New Year’s Resolutions are usually lip service. Take last year’s, for instance – it was simple enough (or, it should have been). All I had to do was start taking a men’s once-a-day multivitamin.
But I failed sometime in late January. I couldn’t even make it 31 days!
This year’s resolutions, though, will be different. I’m going to take proactive steps to take back control of my data from the internet and stop feeding large corporations information about me, my habits, and what I search/do on the internet. Sure, some of it will be impossible (thanks, mobile phone carriers), but I have some choices to make that should go a long way to reducing my dependency on services that use me as a data point to serve advertisements.
So, the following is a list of what I’m pledging to do in 2020.
I’ve been a loyal Gmail user since April 2004. I have my entire adult digital life stored in my [email protected] address. My first two startups were run from that account and I can leverage the power of their search and summon anything in the 15+ years of use.
While completely amazing, that scares the bejeezus out of me because I have no control over my data or how it’s used. Everything is residing with Google, and likely used to help target advertisements specifically to me.
Moving to Fastmail
I did a lot of research over the past week or two about email hosting. The new provider had to, at a minimum:
- Value user privacy and prioritize security.
- Allow for a custom domain to sever dependencies on one service (e.g. I was locked into my [email protected] address and it isn’t portable – it’s tied to Google forever and ever).
- Never, ever rely on advertisements for revenue generation.
- Fully integrate with macOS, iPadOS, and iOS, as well as offer a robust webmail interface.
- Offer enough storage to last another 15+ years of email.
I found all that and more with Fastmail, who has an operating model based on “service in exchange for money” — you know, the old fashioned way of running a business.
I made the switch to Fastmail with my bolen.co domain and couldn’t be happier. The service is $50/year, which I’m more than happy to pay to take back my data and provide a sense of privacy.
2 Factor Authentication
A few weeks ago, I received an email from Hulu that someone in the U.K. signed into my account on their iPhone. I thought I had a pretty solid password, but as it turns out, it was reused, and likely found via a breach.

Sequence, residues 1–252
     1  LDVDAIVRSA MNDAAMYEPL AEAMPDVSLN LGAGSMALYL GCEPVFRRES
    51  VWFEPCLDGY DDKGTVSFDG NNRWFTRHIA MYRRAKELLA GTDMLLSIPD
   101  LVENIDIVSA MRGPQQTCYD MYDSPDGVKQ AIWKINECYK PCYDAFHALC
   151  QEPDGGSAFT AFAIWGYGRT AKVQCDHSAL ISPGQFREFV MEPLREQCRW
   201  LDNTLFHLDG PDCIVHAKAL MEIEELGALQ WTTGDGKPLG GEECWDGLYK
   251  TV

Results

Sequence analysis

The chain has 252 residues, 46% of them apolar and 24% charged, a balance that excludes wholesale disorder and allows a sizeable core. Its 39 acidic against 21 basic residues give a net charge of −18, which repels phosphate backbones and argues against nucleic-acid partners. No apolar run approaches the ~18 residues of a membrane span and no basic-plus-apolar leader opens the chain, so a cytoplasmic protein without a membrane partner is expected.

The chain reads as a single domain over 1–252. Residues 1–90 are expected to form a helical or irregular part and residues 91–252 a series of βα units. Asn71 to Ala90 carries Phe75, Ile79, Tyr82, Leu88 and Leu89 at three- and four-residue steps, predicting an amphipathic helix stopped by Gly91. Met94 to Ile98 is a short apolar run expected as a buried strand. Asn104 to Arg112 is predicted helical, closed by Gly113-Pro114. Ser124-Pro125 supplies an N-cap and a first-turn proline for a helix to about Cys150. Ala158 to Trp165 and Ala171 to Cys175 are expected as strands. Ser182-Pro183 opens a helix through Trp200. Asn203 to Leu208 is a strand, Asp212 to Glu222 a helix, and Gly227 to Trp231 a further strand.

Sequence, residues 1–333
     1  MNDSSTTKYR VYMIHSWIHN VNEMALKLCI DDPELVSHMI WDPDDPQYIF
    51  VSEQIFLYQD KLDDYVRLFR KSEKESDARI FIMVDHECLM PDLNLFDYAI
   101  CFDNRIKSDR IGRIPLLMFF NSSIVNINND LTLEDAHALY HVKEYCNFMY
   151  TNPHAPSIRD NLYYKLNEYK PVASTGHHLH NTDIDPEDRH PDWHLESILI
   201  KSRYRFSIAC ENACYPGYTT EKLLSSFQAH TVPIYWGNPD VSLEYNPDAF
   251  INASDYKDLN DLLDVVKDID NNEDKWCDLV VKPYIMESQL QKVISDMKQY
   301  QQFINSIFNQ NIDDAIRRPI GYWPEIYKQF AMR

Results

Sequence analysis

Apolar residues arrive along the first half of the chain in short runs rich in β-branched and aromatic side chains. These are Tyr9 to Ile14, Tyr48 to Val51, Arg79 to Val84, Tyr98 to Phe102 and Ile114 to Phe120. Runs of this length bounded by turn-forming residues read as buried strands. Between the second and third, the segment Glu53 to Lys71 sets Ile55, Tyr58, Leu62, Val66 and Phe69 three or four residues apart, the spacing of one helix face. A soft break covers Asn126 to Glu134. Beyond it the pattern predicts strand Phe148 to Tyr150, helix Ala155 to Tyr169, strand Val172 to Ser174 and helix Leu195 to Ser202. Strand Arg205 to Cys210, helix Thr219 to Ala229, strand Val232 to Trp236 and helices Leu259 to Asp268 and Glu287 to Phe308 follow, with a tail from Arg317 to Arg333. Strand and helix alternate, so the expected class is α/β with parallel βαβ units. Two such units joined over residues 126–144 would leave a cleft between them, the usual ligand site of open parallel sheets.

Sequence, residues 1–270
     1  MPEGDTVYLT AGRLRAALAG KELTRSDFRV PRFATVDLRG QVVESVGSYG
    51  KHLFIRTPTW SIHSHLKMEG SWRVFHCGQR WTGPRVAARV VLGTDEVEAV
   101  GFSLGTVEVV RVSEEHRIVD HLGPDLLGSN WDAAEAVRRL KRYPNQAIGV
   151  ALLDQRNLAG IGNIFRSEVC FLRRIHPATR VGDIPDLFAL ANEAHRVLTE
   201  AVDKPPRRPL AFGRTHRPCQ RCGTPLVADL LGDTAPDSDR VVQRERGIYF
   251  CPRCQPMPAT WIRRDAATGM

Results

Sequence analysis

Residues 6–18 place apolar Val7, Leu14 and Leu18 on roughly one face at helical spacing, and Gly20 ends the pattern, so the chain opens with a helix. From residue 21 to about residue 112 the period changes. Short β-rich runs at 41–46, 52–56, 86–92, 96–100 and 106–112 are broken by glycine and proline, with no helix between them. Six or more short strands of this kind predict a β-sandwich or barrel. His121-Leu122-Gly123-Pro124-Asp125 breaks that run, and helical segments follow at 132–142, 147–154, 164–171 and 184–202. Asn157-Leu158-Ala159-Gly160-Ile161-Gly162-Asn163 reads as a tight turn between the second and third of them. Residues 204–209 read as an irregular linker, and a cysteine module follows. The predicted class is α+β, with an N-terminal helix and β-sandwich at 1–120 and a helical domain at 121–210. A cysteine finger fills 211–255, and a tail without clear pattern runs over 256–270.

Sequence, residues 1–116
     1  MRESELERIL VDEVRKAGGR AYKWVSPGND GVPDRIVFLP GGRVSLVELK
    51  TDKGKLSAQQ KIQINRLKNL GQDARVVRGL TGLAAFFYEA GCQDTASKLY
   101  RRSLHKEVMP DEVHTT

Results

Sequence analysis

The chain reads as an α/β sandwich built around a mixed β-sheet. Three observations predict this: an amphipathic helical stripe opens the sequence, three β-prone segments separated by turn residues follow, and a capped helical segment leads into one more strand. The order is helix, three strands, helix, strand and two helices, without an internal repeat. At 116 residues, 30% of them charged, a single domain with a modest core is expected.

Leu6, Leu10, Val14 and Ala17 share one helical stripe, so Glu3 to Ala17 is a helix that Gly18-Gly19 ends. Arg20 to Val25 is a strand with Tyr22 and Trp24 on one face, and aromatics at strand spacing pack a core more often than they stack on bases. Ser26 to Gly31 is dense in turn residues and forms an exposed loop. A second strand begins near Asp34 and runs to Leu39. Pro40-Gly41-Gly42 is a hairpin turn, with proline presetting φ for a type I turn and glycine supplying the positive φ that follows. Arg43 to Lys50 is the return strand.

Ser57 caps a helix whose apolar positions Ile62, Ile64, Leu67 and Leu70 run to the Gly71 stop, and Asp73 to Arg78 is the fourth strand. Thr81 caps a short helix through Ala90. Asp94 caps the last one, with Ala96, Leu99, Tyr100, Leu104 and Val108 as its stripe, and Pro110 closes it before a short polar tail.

I’ve been using 1Password to manage passwords on macOS and iOS for a long time, but this was truly my wake-up call. While having a memorable, reusable password for multiple services is nice, it’s not as secure as a second-step authentication method (authenticator app, SMS, etc).
What I love about 1Password is the Watchtower feature. It shows, at a glance, the number of compromised passwords from breaches, passwords that may be vulnerable, passwords that you’ve reused, and passwords to unsecured (read: non-https) logins/websites.
My goal for the new year is twofold:
- Replace all duplicate and weak passwords with new, unique passwords.
- Use a 2-step authentication method on every site that offers one.
An added bonus: I have an Apple Watch and can store my One-Time Passwords (OTP) for frequently visited sites in the 1Password Apple Watch app for easy access. There’s really no excuse to not lock everything down. Plus, it works seamlessly on my iPad Pro, iPhone 11 Pro, and iMac. The ecosystem is strong.
Facebook sucks eggs. It’s a pox on our democracy and is truly an evil company who’s quest for growth and engagement trumps (pun intended) your rights to privacy and security.
- The Facebook mobile application has access to your microphone (unless you disable it via settings).
- The Facebook mobile application destroys your phone battery life.
- Facebook, in general, tracks your every move across the internet.
I am not really in a position where I can just delete Facebook, but I can control how I access the platform and how they access me/my usage.
As far as I’m concerned, there are only two browsers out there that put user privacy and security above tracking and selling your browsing data:
- Apple Safari
- Mozilla Firefox
I love and use both equally on my iMac, iPad, iPhone, and work-issued MacBook Pro. I like the convenience and integration of iCloud Keychain passwords and deep 1Password integrations with 2FA.
So, while I have Safari set as default in iOS, iPadOS, and macOS, I find that I’m doing more and more browsing in Firefox.
The ground-up re-write of Firefox is super responsive and feels native/first-world on macOS and iOS/iPadOS. Firefox also has Facebook containers, which hide tracking pixels, making it more difficult for Facebook to get their tentacles around my data.